When I was dancing in college, my schedule was hectic; I was dancing for four hours in the morning, attending classes in the afternoon, and then returning to the studio during the evenings to rehearse for shows. I was working part-time, double-majoring, and doing all I could to keep my stress levels low.
My schedule doesn’t compare to those of professional dancers, who are often doing all they can to stay healthy, active, and alert during class while having part-time or full-time jobs on the side.
As dancers, we’re often taught how to take care of our bodies--how to nourish them and keep them optimized for performance. We know how to avoid injuries, and treat them when they inevitably happen. We know how to decompress our muscles and spines. But, how do we de decompress our minds, and keep them at their best for performance without letting the pressures of a hectic lifestyle interfere with our time in the studio or on stage?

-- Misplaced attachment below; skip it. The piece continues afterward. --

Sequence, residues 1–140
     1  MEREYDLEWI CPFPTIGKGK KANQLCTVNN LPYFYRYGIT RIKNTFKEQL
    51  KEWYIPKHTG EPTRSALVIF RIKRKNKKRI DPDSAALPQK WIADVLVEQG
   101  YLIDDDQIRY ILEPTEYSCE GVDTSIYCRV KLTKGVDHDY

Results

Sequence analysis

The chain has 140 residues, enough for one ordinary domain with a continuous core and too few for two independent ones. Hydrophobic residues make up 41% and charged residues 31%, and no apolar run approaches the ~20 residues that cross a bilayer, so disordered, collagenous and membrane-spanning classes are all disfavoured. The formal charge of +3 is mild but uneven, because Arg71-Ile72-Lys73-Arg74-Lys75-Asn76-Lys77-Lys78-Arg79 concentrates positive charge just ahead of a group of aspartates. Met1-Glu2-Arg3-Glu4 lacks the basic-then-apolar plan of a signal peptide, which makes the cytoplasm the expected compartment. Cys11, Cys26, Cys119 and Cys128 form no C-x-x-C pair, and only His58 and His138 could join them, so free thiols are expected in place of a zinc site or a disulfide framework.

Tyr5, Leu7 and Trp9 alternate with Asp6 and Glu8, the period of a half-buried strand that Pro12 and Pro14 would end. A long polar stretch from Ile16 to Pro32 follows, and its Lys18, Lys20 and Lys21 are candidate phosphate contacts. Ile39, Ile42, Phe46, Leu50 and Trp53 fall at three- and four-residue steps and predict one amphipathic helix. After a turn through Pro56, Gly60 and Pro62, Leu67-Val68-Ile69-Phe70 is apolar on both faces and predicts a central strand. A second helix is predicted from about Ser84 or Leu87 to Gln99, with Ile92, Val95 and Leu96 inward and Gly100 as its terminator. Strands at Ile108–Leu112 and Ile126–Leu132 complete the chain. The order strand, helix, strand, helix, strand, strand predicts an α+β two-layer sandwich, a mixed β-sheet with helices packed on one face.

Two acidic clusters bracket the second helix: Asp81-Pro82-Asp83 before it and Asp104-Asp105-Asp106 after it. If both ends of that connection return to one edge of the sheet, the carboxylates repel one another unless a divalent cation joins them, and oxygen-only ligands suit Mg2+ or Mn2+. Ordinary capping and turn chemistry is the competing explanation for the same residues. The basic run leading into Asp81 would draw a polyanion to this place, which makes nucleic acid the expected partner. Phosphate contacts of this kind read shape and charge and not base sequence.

I didn’t realize how much stress was taking a toll on my life, until I took my first meditation class. It was the first time I was told to be completely still; to spend time in my mind, focusing my energy on releasing different parts of my body. I had a difficult time quieting my thoughts, and getting myself to be in the moment. I my mind was racing for the first half of the class, reminding me of all of the things I wasn’t doing. But, the more I practiced, the more I saw incremental changes in myself. I had an easier time falling asleep, which meant that I was more ready in the morning. I started to give myself permission to focus on one thing at a time, rather than constantly multitasking.
In during class and rehearsal, I was more patient with myself; I was more present, and more in tune with my muscular structure. I began to reconnect with the intrinsic joy I felt while dancing, and I spent less time wrapped up in the frenetic energy of trying to execute everything perfectly. Ironically, that meant I performed even better. I suddenly felt like I was aware of every minute of the day, making conscious decisions of how to spend them.
Meditation may seem like a waste of time. It may feel like time spent being still, when you could be doing more productive things--that’s definitely how it felt to me, at first. But the truth is, mindfulness and meditation helped me make every moment of my day more productive. It helped me use my body more effectively, it reinvigorated my passion for performing, and taught me that sometimes, pausing is the best way to make sure that your body can keep playing.